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A regulatory squeeze on Europe’s banks?

Proposed Basel III rules may protect the system, but at a severe cost to returns on equity and lending capacity.

July 2010 | byPhilipp Härle, Sonja Pfetsch, and Thomas Poppensieker

Most bankers would agree that the financial crisis has highlighted major shortcomings in the regulatory framework governing minimum bank capital and liquidity. New standards for regulatory capital and liquidity,1 now under discussion at the Basel Committee on Banking Supervision, will likely establish the rules for European banks at least over the next decade and set the tone for local regulation in other parts of the world. Not surprisingly, bankers have dubbed the new rules “Basel III.”

Basel III could significantly change the composition of banks’ Tier 1 capital; risk weights, especially in trading books; and capital ratios. New McKinsey research estimates that the effect of these new rules on Europe’s banks would be a capital shortfall of about €700 billion. This sum would represent a 40 percent increase in the European banking system’s core Tier 1 capital.

What’s more, Basel III’s proposed new standards for liquidity and funding management would constrain funding severely. We estimate that European banks may be required to hold an additional €2 trillion in highly liquid assets and to raise €3.5 trillion to €5.5 trillion in additional long-term funds. At present, European banks have only about €10 trillion in long-term unsecured debt outstanding.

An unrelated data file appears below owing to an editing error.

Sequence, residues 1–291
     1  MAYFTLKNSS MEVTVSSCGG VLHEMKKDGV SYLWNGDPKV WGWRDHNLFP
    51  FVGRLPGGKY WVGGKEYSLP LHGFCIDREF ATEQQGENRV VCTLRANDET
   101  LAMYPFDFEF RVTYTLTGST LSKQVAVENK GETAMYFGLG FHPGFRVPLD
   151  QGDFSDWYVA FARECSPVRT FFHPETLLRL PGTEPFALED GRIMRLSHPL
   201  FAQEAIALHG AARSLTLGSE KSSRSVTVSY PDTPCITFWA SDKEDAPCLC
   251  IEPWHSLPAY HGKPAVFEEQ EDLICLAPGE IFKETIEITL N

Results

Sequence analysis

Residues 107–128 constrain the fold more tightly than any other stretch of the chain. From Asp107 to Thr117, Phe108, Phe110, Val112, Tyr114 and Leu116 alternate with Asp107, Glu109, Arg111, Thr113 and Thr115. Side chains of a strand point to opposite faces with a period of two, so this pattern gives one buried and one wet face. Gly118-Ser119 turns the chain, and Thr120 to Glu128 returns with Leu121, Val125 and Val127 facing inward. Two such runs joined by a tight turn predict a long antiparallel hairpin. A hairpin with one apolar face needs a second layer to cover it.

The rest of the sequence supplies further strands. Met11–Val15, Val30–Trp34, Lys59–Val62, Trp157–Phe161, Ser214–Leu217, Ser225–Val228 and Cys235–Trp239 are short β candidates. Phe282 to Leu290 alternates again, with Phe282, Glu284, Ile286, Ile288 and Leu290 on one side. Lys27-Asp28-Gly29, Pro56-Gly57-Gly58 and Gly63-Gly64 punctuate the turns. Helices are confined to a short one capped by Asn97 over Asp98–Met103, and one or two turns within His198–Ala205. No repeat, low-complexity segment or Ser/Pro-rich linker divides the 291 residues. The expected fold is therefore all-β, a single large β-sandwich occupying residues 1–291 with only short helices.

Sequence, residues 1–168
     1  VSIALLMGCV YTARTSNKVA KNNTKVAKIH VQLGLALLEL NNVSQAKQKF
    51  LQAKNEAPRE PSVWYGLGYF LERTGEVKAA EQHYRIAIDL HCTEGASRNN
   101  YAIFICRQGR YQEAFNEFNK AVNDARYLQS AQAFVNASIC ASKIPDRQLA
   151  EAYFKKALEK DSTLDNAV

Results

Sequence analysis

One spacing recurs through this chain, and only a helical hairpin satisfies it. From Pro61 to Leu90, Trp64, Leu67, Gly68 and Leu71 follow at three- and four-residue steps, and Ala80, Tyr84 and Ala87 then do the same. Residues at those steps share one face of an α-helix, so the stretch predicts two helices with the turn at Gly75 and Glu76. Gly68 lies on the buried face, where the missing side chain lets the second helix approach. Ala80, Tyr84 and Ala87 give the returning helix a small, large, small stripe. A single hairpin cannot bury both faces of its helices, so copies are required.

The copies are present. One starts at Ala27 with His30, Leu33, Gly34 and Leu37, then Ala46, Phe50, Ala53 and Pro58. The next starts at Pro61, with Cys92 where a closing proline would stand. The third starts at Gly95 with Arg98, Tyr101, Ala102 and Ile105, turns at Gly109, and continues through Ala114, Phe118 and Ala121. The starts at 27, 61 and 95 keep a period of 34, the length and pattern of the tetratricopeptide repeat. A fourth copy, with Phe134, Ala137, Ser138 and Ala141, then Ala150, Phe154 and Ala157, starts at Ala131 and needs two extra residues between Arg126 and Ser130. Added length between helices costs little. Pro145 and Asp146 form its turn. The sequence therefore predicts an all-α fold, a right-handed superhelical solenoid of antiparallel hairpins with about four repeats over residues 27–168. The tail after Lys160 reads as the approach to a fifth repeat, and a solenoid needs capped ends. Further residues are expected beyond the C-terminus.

In the absence of any mitigating action, the new costs for additional capital and funding could lower the industry’s return on equity (ROE) in 2012 by five percentage points, or one-third of the industry’s long-term-average 15 percent ROE (exhibit). Basel III may also have some unintended consequences, such as impairing the interbank-lending market and reducing lending capacity.

Exhibit

It is likely that the final Basel III rules will be softened in several areas. Nonetheless, an examination of the range of proposals indicates that the final accord’s impact on banks will be substantial across a range of activities.

Download the full report, Basel III: What the draft proposals might mean for European banking, at the McKinsey & Company Web site.

About the authors

Philipp Härle and Thomas Poppensieker are directors in McKinsey’s Munich office; Sonja Pfetsch is an associate principal in the Düsseldorf office.

The authors wish to acknowledge the contributions of Matthias Heuser to the development of this article.

About this content

The material on this page draws on the research and experience of McKinsey consultants and other sources. To learn more about our expertise, please visit the Financial Services Practice.